Coastal landscape evolution

ARC grant supports study in Southern Australia

Researchers will use innovative modelling techniques to document and date the nature and implications of the historic environmental changes that shaped Australia’s modern coastal landscapes thanks to a $391,000 Australian Research Council Discovery Project grant.

The project, Global climate change and coastal landscape evolution in southern Australia, will focus on the Coorong Coastal Plain, a natural laboratory for geologists like Professor Colin Murray-Wallace, one of the research team’s Chief Investigators from UOW.

“This project aims to reconstruct environmental changes that occurred in southern Australia during and after a geologically recent time interval termed the Early-Middle Pleistocene Transition and an interglacial period some 400,000 years ago,” Professor Murray-Wallace said.

The Early-Middle Pleistocene Transition was 1.2 million to 700 thousand years ago and has been described by experts as one of the most striking geological events during the past 50 million years.

“The Transition involved a global reorganisation of climate states and represents the most significant climate change event during the Quaternary Period – the past 2.59 million years,” Professor Murray-Wallace explained.

“The sequence of inferred climate changes that occurred during the EMPT has been well-defined in longer-term marine-based oxygen isotope records. However, little is known about how these changes were manifested in coastal and terrestrial environments.

“This project seeks to address this imbalance by examining sedimentary successions from coastal barriers of the Coorong Coastal Plain – Murray Basin and a coastal alluvial fan complex bounding the Southern Mt Lofty Ranges in southern Australia.”

The Coorong Coastal Plain – Murray Basin region is a unique part of the world that, according to Professor Murray-Wallace, provides the most significant location on Earth to examine the geomorphological expression of the Early-Middle Pleistocene Transition (EMPT) in terms of coastal barrier landform evolution.

“These contrasting landscapes have been selected for their sensitivity to environmental and climatic changes, and the complementary records they will both provide about the nuances of coastal landscape evolution in a critical part of the Quaternary record in the southern hemisphere.”

Those involved in the research have substantial experience in the development and application of the geochronological, geochemical and modelling techniques to be used in the project to examine the environmental changes in the area.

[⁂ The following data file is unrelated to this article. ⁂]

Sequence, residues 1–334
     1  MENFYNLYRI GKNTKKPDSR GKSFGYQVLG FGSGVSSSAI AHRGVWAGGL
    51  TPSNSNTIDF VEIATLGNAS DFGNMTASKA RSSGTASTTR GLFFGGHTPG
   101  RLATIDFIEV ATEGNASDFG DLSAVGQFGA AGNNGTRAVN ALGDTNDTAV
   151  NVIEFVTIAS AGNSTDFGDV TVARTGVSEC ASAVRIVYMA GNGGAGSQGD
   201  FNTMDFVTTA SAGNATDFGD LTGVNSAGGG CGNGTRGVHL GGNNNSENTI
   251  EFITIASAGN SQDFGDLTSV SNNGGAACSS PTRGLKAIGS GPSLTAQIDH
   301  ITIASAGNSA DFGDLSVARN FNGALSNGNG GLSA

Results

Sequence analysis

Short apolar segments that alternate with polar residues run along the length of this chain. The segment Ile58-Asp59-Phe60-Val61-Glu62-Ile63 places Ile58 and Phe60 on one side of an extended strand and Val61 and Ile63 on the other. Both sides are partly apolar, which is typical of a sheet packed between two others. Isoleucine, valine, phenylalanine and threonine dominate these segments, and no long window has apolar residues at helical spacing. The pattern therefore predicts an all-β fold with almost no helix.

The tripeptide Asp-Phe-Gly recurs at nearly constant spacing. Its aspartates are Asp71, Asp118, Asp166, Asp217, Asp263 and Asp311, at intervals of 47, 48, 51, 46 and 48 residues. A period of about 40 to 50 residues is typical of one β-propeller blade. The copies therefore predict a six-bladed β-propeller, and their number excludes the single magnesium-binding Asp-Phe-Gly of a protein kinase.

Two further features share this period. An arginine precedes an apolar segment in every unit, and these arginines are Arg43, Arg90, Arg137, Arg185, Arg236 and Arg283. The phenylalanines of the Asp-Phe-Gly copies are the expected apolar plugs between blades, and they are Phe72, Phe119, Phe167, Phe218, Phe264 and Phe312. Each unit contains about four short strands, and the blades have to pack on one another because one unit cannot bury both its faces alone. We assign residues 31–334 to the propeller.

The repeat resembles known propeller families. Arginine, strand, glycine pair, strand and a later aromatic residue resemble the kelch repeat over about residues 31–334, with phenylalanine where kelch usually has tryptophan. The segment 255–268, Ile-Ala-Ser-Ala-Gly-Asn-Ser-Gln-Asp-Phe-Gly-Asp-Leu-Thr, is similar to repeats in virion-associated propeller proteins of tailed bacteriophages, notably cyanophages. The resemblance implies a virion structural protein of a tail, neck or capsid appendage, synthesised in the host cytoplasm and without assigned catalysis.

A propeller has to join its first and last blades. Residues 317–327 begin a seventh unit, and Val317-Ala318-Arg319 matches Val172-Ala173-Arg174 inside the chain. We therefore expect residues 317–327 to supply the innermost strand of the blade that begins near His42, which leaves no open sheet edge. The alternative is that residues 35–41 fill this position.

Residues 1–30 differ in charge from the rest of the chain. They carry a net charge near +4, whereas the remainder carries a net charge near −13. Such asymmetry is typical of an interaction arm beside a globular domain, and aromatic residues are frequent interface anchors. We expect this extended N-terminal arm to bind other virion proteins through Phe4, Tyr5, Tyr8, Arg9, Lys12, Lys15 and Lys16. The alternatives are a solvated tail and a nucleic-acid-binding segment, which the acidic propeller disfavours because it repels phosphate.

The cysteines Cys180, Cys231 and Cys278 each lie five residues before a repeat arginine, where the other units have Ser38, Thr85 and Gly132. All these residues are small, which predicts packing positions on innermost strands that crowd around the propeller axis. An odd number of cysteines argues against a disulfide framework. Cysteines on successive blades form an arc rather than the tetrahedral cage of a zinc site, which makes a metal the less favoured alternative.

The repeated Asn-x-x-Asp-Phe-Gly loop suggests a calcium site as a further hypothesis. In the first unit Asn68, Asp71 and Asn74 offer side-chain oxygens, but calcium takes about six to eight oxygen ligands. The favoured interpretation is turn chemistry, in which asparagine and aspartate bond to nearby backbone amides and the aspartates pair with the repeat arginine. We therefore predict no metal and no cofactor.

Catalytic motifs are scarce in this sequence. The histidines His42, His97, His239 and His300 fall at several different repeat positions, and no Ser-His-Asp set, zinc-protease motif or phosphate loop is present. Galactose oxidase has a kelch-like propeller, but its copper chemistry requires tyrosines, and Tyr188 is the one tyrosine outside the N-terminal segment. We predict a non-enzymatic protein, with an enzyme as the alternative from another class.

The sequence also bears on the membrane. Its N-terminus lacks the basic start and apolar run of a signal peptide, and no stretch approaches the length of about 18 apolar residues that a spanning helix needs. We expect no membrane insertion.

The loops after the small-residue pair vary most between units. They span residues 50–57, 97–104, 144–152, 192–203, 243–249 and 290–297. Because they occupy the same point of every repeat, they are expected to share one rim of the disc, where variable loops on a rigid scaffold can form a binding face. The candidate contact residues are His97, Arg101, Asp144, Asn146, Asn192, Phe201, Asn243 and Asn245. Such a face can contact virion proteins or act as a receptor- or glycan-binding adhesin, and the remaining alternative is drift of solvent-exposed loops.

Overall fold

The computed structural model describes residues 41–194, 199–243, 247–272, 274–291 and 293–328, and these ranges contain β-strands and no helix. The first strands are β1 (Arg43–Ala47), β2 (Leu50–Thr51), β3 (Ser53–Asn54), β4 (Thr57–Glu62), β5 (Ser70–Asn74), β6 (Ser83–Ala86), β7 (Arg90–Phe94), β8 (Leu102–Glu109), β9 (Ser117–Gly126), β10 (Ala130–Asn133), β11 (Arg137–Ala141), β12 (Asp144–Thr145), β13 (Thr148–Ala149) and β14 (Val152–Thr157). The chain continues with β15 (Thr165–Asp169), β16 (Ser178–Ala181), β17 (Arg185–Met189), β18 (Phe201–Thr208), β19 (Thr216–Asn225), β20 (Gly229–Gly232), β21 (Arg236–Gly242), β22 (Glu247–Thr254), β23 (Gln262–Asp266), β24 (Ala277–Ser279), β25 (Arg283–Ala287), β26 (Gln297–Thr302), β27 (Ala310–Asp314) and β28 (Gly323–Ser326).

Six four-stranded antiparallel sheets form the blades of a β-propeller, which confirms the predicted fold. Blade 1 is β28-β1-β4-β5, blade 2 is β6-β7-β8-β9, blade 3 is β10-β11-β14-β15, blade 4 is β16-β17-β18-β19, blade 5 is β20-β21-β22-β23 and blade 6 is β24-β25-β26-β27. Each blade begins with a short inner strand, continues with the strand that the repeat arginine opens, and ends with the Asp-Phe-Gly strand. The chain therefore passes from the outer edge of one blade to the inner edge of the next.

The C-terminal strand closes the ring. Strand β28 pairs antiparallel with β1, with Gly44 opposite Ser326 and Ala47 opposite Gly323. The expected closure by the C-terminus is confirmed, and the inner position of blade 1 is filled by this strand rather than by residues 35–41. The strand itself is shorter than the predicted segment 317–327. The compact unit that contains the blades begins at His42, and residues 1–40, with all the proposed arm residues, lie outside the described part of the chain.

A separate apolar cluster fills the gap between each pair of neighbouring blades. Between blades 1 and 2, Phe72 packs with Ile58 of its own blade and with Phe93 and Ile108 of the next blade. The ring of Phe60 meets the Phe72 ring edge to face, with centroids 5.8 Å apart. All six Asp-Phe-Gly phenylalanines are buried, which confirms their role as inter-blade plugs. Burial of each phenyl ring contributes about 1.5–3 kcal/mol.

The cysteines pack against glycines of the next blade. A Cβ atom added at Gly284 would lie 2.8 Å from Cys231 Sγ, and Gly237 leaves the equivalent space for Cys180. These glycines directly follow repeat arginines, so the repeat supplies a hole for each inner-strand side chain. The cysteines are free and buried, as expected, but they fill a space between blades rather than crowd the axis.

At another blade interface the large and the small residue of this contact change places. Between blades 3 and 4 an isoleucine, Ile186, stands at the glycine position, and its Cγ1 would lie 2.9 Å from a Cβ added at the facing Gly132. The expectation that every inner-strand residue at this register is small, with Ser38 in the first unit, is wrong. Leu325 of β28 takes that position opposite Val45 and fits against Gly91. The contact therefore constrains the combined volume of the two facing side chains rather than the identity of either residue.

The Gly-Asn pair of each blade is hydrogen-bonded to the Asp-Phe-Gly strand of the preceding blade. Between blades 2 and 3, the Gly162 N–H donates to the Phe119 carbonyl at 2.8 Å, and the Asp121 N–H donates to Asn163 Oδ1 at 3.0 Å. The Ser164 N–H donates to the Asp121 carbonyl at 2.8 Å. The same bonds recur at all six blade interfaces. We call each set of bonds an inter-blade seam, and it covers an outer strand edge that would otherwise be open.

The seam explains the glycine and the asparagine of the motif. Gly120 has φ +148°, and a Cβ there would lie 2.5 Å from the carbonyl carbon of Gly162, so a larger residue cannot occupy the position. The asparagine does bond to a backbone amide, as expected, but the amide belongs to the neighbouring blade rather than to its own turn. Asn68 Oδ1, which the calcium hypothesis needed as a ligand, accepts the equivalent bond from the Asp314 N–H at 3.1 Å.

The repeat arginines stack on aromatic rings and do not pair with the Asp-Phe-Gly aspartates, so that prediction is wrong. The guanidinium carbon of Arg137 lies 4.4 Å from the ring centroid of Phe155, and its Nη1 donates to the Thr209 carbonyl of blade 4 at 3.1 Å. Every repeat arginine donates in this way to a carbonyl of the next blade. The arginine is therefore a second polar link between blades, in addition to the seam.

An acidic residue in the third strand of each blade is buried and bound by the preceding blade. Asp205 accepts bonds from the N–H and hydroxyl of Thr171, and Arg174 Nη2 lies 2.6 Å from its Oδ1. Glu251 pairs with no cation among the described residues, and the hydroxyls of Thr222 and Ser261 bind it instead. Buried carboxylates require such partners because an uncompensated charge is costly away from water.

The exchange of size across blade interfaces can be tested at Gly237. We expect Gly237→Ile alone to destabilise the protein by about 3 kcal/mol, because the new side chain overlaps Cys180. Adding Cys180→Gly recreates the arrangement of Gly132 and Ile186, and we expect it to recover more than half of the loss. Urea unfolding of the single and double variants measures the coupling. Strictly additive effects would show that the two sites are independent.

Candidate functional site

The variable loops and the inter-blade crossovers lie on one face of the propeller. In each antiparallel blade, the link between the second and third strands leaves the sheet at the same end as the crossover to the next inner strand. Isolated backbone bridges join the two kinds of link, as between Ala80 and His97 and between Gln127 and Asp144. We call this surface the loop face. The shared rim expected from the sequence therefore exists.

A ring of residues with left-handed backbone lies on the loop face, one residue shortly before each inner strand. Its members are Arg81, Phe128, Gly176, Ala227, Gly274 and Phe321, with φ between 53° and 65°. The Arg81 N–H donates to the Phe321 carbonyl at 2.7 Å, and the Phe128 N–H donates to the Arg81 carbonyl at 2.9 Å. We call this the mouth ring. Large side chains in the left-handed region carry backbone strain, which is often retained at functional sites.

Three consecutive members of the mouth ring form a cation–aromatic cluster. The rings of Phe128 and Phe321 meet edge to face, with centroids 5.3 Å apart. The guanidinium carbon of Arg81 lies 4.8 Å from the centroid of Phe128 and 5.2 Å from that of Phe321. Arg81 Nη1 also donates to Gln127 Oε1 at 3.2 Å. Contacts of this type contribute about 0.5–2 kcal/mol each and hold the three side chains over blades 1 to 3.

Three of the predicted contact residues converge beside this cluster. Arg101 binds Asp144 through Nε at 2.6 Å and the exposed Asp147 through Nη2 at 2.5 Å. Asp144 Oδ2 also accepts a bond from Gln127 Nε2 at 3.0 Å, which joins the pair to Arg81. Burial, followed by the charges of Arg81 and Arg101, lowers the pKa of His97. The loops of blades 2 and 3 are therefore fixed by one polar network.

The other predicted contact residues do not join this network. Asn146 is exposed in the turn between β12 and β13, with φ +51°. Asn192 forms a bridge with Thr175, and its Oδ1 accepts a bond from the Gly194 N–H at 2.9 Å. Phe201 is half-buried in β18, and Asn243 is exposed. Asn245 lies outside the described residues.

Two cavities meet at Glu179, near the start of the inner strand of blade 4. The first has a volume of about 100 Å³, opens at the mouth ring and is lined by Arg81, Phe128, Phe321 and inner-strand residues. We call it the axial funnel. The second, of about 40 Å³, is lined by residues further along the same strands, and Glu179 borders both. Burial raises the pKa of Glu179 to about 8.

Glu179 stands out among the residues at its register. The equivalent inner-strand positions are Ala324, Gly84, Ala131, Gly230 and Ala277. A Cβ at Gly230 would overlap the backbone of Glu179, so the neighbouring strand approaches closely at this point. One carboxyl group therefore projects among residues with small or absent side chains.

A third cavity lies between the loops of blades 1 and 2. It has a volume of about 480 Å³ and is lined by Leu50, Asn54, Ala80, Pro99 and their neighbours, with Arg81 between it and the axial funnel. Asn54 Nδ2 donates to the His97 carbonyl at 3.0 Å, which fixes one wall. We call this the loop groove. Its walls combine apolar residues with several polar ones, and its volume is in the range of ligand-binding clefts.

“We have assembled a team that is able to synthesise the analytical results from the two field regions and derive a conceptual model of long-term landscape change in response to profound global climate and environmental changes,” Professor Murray-Wallace said.

The team includes Chief Investigators Dr Nicolas Flament from UOW, Professor Bradley Pillans from Australian National University, Associate Professor Paul Hesse from Macquarie University and Professor Mark Bateman, a partner investigator, from the University of Sheffield, UK.

Research impact

The information derived from the research will have a significant and wide-ranging impact beyond helping researchers understand the fundamental changes that occurred during the EMPT and how these changes were manifested in other landscape systems.

From an international perspective, the project will fill a significant gap in knowledge about how modern coastal landscapes have responded and developed during a period of profound global climate-change, initiated with the increasing amplitude of global ice-volume and sea-level changes accompanying fluctuations in the northern hemisphere ice sheets.

The derived geological information will also refine the understanding of coastal environmental processes, sea-level changes and global climate-changes as they relate to fisheries, construction and engineering industries and potential geohazards.

Closer to home, the research findings will also assist in the management of landscapes in the Lower Murray-Darling drainage system, a critical issue for Australia. In economic terms, the research will assist in reducing the costs of land management by identifying the key drivers of landscape change and their impact on human land use.

In a cultural and social heritage context, the research will enhance the understanding of the inherent nature of Australian landscapes and their perceived influence on national identity, as well as providing important geological information of commercial significance in geotourism.

Socially, it will enhance the understanding of the role of climate-change in landscape development and the sensitivity of landscape response to climate change, particularly concerning a time-frame for the intensification of regional aridity in southern Australia.

COLIN MURRAY-WALLACE: To find out more about Colin Murray-Wallace take a look at his scholars profile